Monday, January 14, 2019By:
It’s been about 5 months since the 2018 SPS Interns packed up our stuff, said our goodbyes (for some of us, through tears), and headed back to our corners of the country. When I returned back to North Carolina, I felt...different. Initially, I attributed the feeling to making the transition back home; back to the same old places and routines after spending 10 adventurous weeks in Washington, DC. However, I realize now that the “difference” I was feeling was a change in perspective.
The first thing I noticed, which became obvious after reading over my previous blog posts, was that I actually had an idea of what career I wanted to pursue–which is no simple feat as an undergraduate physics student! Being the Communications intern opened my eyes to the beautiful yet practical applications of mixing science and art. From illustration, to marketing, to architecture, to product design–I could now see the various doors open for an individual pursuing a jointly technical and creative career. But this internship also helped narrow my career focus in another way: by spending time with the other interns, I got a window into what it would be like to perform research in the labs of NASA or NIST, or work on Capitol Hill, or write for a science-fueled news publication, or work for any of the other 10+ organizations that SPS has a relationship with, and found that the industry/position I had been placed in was exactly the one for me. I don’t know how they do it, but the SPS team has an incredible talent for predicting which setting would best suit each intern.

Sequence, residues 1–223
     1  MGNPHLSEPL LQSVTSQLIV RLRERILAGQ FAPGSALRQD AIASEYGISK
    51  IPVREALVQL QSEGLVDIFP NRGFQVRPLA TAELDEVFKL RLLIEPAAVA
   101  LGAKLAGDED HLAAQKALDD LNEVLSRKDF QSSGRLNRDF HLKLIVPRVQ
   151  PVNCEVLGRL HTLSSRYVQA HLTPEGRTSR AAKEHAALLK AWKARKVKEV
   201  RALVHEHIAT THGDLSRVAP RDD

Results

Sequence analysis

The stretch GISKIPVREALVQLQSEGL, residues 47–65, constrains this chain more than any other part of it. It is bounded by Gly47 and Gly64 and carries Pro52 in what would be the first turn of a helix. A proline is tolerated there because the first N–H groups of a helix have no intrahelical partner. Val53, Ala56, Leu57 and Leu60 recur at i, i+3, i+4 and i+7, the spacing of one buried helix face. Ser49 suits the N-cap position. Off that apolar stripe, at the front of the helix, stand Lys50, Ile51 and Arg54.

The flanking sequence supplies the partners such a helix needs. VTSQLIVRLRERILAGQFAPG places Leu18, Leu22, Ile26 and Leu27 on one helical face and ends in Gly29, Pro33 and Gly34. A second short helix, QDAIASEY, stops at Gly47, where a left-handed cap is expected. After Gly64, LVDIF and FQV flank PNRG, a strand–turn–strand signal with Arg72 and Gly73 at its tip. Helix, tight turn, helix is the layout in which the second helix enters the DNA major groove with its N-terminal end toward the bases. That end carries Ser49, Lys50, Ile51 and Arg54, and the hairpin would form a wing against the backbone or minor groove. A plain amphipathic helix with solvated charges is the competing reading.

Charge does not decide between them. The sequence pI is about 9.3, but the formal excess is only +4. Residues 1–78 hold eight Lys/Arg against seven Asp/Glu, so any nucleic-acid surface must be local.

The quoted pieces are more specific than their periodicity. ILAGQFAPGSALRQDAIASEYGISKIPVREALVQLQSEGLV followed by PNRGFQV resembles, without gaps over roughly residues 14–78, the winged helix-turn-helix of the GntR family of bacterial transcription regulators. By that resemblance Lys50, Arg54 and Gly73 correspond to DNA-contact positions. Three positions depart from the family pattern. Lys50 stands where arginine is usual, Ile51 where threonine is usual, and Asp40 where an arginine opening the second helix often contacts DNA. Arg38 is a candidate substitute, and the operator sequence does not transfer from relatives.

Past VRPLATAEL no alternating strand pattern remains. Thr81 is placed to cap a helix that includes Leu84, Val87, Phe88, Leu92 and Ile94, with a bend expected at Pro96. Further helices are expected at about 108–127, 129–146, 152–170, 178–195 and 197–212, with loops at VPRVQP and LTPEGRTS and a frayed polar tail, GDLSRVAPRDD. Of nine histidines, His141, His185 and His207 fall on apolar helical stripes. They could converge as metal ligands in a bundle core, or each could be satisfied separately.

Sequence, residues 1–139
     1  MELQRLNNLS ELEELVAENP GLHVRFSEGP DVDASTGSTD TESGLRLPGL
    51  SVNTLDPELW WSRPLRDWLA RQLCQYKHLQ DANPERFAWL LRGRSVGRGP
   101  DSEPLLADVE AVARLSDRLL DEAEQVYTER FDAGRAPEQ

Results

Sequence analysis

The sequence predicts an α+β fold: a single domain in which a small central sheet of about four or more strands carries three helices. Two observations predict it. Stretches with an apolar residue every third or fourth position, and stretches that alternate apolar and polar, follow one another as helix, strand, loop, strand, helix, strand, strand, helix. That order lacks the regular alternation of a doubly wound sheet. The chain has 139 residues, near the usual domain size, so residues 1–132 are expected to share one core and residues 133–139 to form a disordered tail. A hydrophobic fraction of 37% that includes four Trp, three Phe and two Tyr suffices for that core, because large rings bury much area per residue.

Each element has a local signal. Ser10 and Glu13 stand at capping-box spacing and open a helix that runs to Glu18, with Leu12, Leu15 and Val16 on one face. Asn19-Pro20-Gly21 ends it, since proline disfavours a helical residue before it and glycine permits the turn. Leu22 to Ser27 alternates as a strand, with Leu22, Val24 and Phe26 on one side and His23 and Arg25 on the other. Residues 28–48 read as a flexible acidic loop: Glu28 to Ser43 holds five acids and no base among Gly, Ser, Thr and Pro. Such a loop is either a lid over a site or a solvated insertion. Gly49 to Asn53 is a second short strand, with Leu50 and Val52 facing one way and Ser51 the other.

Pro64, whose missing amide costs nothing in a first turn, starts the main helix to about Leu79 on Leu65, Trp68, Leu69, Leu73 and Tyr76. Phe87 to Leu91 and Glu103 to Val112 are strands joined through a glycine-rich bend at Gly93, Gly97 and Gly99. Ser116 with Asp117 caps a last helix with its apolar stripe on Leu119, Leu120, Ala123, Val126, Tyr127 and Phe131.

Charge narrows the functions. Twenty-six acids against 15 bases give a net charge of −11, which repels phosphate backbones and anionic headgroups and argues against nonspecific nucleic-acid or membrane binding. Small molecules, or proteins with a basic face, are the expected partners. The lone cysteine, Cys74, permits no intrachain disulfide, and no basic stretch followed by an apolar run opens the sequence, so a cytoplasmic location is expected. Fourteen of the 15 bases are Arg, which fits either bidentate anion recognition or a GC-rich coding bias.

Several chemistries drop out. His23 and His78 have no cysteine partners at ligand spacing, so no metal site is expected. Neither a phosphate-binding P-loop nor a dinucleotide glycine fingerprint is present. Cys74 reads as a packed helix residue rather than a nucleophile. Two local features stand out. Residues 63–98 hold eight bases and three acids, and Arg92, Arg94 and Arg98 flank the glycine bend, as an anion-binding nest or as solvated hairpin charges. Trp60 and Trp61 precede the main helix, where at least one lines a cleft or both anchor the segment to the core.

Having gotten so close with the rest of the interns, the next thing I realized when returning back to my university was how essential a sense of community is to a growing SPS chapter. Although our advisor and physics faculty have done an undeniably good job fostering a healthy sense of community, I noticed that there wasn’t much procedure in place to ensure that our community maintained its inclusive and organized nature. By taking advantage of the tools provided by SPS National and pulling from what I had learned about other interns’ chapters, I was able to set some mechanisms in place so that all of our current and future physics majors can feel safe and supported in our program. For example, our chapter voted on and posted a set of community guidelines for our shared research space, created a system to hold members accountable for their actions, and now we take time at each meeting to celebrate member accomplishments. Thanks to this internship, I was able to use my new found knowledge and experience to strengthen my chapter at home.
Most notably, though, this internship changed my perspective on life. I got the opportunity to live with and work with individuals that are doing–and undoubtedly will continue to do–amazing things (I’m talking about Nathan, Brigette, Jesus, Stephanie, Collin, Amanda, Kristen, Krystina, Daniel, Sarah, Mikayla, Sam, Elon, Phoebe, James, Danielle, Aaron, Brad, Sacha, Kerry, Lydia, Paolo, Rachel and Kim, in particular), people that I will forever admire for their passion and will forever respect for their drive. Thanks to their influence, I now have the confidence to set goals, and the support I need to achieve them.
Signing off for the last time!